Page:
Deborah Hill Cone is one of my favourite journalists.
Her cosmopolitan reading habits are unique in the New Zealand media, and she’s generally no slouch in business and economic commentary either.
But she must have got out on the wrong side of the bed the day she wrote ‘Dream of success keeps slipping away’ (New Zealand Herald, October 22, 2010).
She wrote that New Zealand is losing its place in the international league tables and that nothing we have done has made a jot of difference.
A reading of yesterday’s 2025 Taskforce report will cheer her up. It confirms – see the graph on p4 – that New Zealand kept pace with the average per capita growth rate of the OECD as a whole following the earlier economic reforms, only falling away in the last years of the 1999-2008 Labour government. In other words, the long-term decline relative to the OECD was arrested (although Australia did a bit better). OECD projections suggest that New Zealand will outperform the OECD average to 2025.
Other data confirm that productivity and many other economic indicators improved markedly in the 1990s.
Deborah may have been seduced by Phillip McCann’s defeatist thesis that ‘economic geography’ is to blame and there is little we can do about our fortunes.
Again a reading of the Taskforce report should make her feel better. It has a whole chapter (Chapter 4) on this thesis and finds it unconvincing. Better institutions and policies can offset any geographical disadvantages.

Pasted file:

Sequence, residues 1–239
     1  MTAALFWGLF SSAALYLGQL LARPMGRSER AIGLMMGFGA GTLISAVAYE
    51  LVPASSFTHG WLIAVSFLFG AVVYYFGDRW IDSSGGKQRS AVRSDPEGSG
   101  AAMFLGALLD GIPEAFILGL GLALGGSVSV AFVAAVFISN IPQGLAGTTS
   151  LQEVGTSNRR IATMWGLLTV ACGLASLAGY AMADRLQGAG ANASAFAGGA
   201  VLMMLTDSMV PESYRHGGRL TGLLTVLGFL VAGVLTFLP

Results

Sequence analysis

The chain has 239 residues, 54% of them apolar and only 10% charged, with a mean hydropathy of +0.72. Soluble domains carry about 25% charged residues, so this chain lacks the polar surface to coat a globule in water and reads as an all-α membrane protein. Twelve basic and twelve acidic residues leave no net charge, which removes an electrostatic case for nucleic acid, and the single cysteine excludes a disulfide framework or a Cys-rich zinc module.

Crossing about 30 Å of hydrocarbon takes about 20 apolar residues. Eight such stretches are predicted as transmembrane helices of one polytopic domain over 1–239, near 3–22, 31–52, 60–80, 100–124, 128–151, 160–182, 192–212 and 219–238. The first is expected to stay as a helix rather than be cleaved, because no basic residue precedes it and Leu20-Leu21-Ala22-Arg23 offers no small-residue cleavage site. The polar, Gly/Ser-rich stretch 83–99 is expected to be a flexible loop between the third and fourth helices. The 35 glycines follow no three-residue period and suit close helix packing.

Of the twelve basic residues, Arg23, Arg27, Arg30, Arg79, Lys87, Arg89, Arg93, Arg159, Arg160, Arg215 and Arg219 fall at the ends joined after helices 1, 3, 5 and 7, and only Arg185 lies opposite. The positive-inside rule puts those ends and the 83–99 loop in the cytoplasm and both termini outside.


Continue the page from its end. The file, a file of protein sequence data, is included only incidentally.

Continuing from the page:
The article goes on to criticise Roderick Deane at the Dunes Symposium and the “song the Business Roundtable always sings” about economic reform.
But where have we gone wrong? We said the economic reforms would boost productivity and economic growth, and they did. We said backing off them would damage both, and it did. And since the ‘song’ is standard, mainstream economics, why would you change it? Economics is not like fashions and changing hemlines.
Deborah gave a great talk at the Dunes Symposium on public policy and the media, and lamented the MSM’s general inability to explore serious issues. She is an exception, and I trust she’ll get over this dose of the glums and be back in top fighting form.
She is certainly right to say that the country is underperforming (although few economists would share her view that we are heading towards a double dip recession) and that business as usual is not an option if we are serious about raising our game.